7. Then use your shoulders for additional tension on your foot by bringing them together behind you, toward your spine.
8. Be careful not to tense the muscles in the perineum, or the throat. Even though they do not move the arms or legs, they sap focus and simplicity from the posture, and from your
9. Remain in the pose, breathing smoothly, for 20-30 seconds, then slowly bend the knee, let the thigh down until the right foot is on the mat, rest a few seconds, and begin the
posture by raising the bent left leg's thigh to vertical.
A more challenging version of this safe and stimulating pose has one leg flat, and the other lifted. But always bend the knee when raising the thigh to vertical.
X. Marichyasana III or Ardha Matsyendrasana
You should choose one of these twisting poses. But which ever one you choose, start with the less extreme version: early attempts at the full pose may injure your back.
A. Marichyasana III
At first just repeat what we did with Parvrtta Trikonasana, the twisted triangle:
1. Begin this posture by standing and facing a flat-seated chair, hands on your hips.
2. Raise your right leg, placing the foot squarely on the chair seat, toes facing forward. Reach your left hand over to the outside of your right knee.
3. Gently pull your entire left side forward and to the right. Place your right hand on your right hip to stabilize it, and revolve the torso to the right around the axis of your
spine, with the pelvis remaining steady and facing the chair.
4. Revolve your entire torso, remaining vertical and retaining both shoulders level.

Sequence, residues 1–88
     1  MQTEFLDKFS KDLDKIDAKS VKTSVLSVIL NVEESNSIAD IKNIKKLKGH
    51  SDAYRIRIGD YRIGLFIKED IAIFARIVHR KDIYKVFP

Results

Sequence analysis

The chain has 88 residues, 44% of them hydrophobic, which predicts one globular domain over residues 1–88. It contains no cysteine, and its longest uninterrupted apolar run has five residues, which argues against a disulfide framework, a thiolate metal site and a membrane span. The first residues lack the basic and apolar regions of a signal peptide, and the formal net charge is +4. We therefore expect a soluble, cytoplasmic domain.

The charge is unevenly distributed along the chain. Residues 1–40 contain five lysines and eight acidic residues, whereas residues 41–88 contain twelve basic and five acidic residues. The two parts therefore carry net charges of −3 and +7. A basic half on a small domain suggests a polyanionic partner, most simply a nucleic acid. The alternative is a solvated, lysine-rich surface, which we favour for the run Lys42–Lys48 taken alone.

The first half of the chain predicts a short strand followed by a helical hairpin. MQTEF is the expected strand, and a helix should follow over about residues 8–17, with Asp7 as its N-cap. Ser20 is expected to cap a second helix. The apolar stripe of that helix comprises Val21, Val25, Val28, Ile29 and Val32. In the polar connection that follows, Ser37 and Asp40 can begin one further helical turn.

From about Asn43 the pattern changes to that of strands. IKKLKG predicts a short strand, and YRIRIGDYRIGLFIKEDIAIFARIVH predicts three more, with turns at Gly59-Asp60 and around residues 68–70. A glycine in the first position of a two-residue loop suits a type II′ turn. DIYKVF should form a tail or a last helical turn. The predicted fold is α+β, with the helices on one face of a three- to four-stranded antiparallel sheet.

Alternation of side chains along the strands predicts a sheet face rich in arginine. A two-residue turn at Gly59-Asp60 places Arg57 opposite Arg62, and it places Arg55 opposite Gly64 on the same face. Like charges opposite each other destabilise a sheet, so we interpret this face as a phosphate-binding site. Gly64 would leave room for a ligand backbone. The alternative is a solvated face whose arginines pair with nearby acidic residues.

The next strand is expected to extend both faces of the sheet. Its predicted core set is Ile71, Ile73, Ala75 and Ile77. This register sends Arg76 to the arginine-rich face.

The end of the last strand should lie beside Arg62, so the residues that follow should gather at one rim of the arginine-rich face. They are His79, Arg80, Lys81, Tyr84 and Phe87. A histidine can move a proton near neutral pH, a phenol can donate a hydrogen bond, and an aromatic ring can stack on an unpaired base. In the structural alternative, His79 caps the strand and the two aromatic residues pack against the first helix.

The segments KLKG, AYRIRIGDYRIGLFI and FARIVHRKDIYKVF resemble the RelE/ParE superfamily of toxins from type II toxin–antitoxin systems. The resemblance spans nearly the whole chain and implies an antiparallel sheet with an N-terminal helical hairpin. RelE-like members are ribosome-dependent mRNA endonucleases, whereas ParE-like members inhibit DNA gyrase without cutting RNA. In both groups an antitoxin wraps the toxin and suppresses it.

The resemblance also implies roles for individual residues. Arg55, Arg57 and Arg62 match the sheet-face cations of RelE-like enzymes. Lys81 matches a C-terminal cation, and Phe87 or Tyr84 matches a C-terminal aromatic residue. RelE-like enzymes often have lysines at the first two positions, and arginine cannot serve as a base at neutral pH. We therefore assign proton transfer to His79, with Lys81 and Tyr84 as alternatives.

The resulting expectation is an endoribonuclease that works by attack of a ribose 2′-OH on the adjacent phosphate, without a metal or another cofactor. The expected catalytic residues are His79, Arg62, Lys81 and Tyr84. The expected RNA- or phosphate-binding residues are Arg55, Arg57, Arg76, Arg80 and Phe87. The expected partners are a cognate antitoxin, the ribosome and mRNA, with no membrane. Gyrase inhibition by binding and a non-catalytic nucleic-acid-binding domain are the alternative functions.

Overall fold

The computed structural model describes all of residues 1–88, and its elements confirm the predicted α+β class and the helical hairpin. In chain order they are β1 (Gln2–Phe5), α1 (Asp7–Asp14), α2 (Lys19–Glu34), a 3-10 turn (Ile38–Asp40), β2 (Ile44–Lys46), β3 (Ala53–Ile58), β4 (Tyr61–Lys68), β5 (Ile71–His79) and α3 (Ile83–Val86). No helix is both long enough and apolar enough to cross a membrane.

5. With head level and turned about as much as the torso, breathe quietly for 20-30 seconds.
6. Slowly release the left hand and the right thumb, bring the right foot down and repeat these steps with the left leg raised.
1. Sitting on a flat surface, extend the right leg and flex the left thigh until its heel is at the buttock. Sit on a blanket in order to tip your pelvis forward.
2. Press the left ankle against the inside of the right thigh.
3. Reach your right arm over to the outside of the left knee. Do not hunch forward to do this. Rather twist your torso from the lowest lumbar levels. alternately, you can wrap your
arm around the bent leg.
4. Walk your left hand behind you in a counterclockwise circle.
5. You may not get as far as the picture below. Rather, you may be holding your left knee with your right hand.
6. In either case, draw your shoulder blades back and together and down toward your pelvis, but at the same time lengthen your spine, raising your head and neck vertically above your
7. Retain level shoulders as you elevate your spine.
8. Take a deep and symmetrical breath, inflating the right and left chests equally.
B. Classical Marichyasana III – For Prevention:
A more advanced version of Marichyasana III begins the same way, with the right leg straight and the left heel in close to the left buttock. Then, after taking a normal breath:
1. Upon exhalation, revolve the torso 90 degrees to the left, the right arm sliding past the outside of the left thigh, forearm and hand vertical, palm facing left. The back of the
right armpit rests against the outside of the left knee and thigh.
2. Walk behind (towards the right) with the left hand.Revolve your right arm to point the hand down, then wrap it around the front of your bent leg, then around toward your right hip.
3. Rotate the left shoulder counterclockwise by "walking" your left hand behind you; press the right chest forward and to the left by pulling the right shoulder blade back toward the